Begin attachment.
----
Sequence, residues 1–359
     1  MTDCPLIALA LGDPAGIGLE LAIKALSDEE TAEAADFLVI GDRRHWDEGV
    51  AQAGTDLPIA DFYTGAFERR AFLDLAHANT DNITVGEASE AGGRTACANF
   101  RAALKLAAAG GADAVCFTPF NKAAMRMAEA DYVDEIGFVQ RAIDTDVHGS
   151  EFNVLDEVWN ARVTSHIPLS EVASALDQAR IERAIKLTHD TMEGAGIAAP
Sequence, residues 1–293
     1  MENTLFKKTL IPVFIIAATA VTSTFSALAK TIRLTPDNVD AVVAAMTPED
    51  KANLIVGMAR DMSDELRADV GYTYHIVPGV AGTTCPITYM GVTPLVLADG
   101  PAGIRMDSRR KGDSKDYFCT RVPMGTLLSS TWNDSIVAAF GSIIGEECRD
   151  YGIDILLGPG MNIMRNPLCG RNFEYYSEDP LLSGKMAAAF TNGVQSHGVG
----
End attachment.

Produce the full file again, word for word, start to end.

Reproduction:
Sequence, residues 1–359
     1  MTDCPLIALA LGDPAGIGLE LAIKALSDEE TAEAADFLVI GDRRHWDEGV
    51  AQAGTDLPIA DFYTGAFERR AFLDLAHANT DNITVGEASE AGGRTACANF
   101  RAALKLAAAG GADAVCFTPF NKAAMRMAEA DYVDEIGFVQ RAIDTDVHGS
   151  EFNVLDEVWN ARVTSHIPLS EVASALDQAR IERAIKLTHD TMEGAGIAAP
Sequence, residues 1–293
     1  MENTLFKKTL IPVFIIAATA VTSTFSALAK TIRLTPDNVD AVVAAMTPED
    51  KANLIVGMAR DMSDELRADV GYTYHIVPGV AGTTCPITYM GVTPLVLADG
   101  PAGIRMDSRR KGDSKDYFCT RVPMGTLLSS TWNDSIVAAF GSIIGEECRD
   151  YGIDILLGPG MNIMRNPLCG RNFEYYSEDP LLSGKMAAAF TNGVQSHGVG